How Switzerland deals with gender segregation demands

USA Today report:

In the latest move to deny citizenship to those who balk at Swiss culture, authorities rejected the naturalization application of two Muslim girls who refused to take school swimming lessons because boys were present.

The girls, ages 12 and 14, who live in the northern city of Basel, had applied for Swiss citizenship several months ago, but their request was denied, Swiss media reported Tuesday.

The girls, whose names were not disclosed, said their religion prevents them from participating in compulsory swimming lessons with males in the pool at the same time. Their naturalization application was rejected because the sisters did not comply with the school curriculum, Basel authorities said.

“Whoever doesn’t fulfill these conditions violates the law and therefore cannot be naturalized,” Stefan Wehrle, president of the naturalization committee, told TV station SRF on Tuesday.

The case shows how those who don’t follow Swiss rules and customs won’t become citizens, even if they have lived in the country for a long time, are fluent in one of the national languages — German, French or Italian — and are gainfully employed.

More countries should do this. If people are unwilling to integrate (not assimilate) then why have them? If you don’t want to have your country with gender segregation, then why let people in who do believe in gender segregation?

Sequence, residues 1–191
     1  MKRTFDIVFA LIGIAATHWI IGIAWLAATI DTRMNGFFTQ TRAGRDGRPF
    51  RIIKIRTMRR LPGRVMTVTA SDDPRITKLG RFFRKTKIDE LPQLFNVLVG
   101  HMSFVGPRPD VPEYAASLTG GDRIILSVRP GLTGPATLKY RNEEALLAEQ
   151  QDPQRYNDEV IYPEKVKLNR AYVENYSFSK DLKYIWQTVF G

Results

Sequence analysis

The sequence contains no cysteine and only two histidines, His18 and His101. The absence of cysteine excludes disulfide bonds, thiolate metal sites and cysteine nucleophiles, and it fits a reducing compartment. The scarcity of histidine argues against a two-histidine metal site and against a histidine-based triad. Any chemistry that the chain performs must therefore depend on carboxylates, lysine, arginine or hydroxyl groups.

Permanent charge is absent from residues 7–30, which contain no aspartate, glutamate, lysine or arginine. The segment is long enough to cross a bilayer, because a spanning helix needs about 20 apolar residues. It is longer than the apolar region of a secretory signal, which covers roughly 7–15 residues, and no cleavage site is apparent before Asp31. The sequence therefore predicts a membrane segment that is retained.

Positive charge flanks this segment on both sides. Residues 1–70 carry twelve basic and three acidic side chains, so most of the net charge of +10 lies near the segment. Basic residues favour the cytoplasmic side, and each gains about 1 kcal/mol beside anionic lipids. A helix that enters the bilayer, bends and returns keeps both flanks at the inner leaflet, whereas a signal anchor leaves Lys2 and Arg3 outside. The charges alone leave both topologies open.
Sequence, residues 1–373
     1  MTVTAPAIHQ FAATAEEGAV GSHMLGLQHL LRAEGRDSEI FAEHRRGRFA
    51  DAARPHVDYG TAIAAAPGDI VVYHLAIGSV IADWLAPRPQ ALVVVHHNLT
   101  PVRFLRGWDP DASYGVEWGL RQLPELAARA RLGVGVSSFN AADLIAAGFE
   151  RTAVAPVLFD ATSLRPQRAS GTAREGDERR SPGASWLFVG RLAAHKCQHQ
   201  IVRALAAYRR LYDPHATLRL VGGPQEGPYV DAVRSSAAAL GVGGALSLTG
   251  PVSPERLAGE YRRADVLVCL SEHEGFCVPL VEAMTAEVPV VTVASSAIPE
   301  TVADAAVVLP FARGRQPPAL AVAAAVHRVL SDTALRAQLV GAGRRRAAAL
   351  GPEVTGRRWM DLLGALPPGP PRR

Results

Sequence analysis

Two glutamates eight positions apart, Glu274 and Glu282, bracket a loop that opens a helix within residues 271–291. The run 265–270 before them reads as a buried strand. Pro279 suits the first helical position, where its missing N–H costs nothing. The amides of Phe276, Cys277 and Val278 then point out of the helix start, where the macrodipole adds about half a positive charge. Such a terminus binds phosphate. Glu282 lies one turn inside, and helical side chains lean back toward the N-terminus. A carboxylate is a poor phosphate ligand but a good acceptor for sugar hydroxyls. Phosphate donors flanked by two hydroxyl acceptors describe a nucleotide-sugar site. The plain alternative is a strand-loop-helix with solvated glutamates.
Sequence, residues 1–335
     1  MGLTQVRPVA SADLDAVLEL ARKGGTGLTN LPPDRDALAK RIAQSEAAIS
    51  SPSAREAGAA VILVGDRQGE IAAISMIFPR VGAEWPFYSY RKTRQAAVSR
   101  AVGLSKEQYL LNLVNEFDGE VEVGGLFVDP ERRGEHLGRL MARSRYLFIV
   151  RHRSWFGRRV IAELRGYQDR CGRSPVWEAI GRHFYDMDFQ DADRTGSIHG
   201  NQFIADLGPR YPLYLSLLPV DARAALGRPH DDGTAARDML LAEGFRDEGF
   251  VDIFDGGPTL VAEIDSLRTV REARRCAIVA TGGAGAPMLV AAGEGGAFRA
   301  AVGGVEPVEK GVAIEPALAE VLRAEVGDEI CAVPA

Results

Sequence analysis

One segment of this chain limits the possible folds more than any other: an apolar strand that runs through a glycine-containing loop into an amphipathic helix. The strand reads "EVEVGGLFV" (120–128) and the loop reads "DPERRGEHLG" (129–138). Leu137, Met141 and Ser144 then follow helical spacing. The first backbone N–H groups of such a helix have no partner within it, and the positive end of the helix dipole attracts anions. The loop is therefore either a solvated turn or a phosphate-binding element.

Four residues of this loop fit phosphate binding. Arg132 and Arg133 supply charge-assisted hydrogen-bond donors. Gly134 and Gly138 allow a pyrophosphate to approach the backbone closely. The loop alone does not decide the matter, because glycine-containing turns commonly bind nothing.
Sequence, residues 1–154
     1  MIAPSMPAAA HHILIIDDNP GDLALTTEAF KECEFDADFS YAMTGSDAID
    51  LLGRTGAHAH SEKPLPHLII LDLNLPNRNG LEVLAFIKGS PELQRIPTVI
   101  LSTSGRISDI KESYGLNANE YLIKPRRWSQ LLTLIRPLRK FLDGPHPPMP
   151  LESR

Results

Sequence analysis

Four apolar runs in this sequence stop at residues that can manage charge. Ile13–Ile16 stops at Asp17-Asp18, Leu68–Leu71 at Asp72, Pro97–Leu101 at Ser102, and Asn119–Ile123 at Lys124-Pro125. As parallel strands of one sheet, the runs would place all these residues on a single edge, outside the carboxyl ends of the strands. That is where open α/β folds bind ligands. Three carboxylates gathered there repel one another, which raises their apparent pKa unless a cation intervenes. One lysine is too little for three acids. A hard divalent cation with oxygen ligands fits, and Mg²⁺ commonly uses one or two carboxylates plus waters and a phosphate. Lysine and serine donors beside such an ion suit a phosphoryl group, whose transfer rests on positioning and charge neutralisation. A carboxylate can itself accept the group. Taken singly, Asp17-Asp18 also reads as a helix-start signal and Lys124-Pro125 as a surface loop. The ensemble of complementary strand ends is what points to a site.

Another recent case sparked widespread outrage in when two Muslim brothers refused to shake hands with their female teacher, also citing religious restrictions. Shaking hands with a teacher is a common practice in Swiss schools.

After that incident was widely publicized, authorities suspended the naturalization request from the boys’ father, an imam at the Basel mosque.

There are many many countries one can live in where there is gender segregation.  You think your beliefs means it is wrong to shake hands with a woman – fine – go live somewhere where that is the norm, rather than try and change another country’s culture.

In Switzerland, unlike in the United States and many other countries, integration into society is more important for naturalization than knowledge of national history or politics. Candidates for citizenship must prove that they are well assimilated in their communities and respect local customs and traditions.

What a good idea.

In Switzerland, local town or village councils make initial decisions on naturalization applications. If they decide a candidate is not an upstanding member of the community, the application will be denied and not forwarded to canton (state) and federal authorities for further processing.

That’s what happened in 2014 to Irving Dunn, an American who has lived in Switzerland for nearly 40 years. He was denied Swiss citizenship because he could not name any of his Swiss friends or neighboring villages, authorities said.

“The applicant’s answers have shown that his motive for naturalization is not about integration but about the personal advantages it offers,” the naturalization commission ruled.

I like the idea of delegating the decision to local communities.


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